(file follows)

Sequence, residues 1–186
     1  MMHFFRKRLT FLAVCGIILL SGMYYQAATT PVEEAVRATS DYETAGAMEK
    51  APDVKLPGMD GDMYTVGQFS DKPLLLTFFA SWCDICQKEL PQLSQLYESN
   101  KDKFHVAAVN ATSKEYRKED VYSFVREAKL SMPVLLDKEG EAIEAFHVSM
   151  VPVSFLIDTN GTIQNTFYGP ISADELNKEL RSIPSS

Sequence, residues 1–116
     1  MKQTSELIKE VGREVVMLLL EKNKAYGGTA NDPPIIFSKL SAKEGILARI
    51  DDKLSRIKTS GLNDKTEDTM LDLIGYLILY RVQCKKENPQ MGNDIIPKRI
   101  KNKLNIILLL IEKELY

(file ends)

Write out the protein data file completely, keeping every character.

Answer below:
Sequence, residues 1–186
     1  MMHFFRKRLT FLAVCGIILL SGMYYQAATT PVEEAVRATS DYETAGAMEK
    51  APDVKLPGMD GDMYTVGQFS DKPLLLTFFA SWCDICQKEL PQLSQLYESN
   101  KDKFHVAAVN ATSKEYRKED VYSFVREAKL SMPVLLDKEG EAIEAFHVSM
   151  VPVSFLIDTN GTIQNTFYGP ISADELNKEL RSIPSS

Sequence, residues 1–116
     1  MKQTSELIKE VGREVVMLLL EKNKAYGGTA NDPPIIFSKL SAKEGILARI
    51  DDKLSRIKTS GLNDKTEDTM LDLIGYLILY RVQCKKENPQ MGNDIIPKRI
   101  KNKLNIILLL IEKELY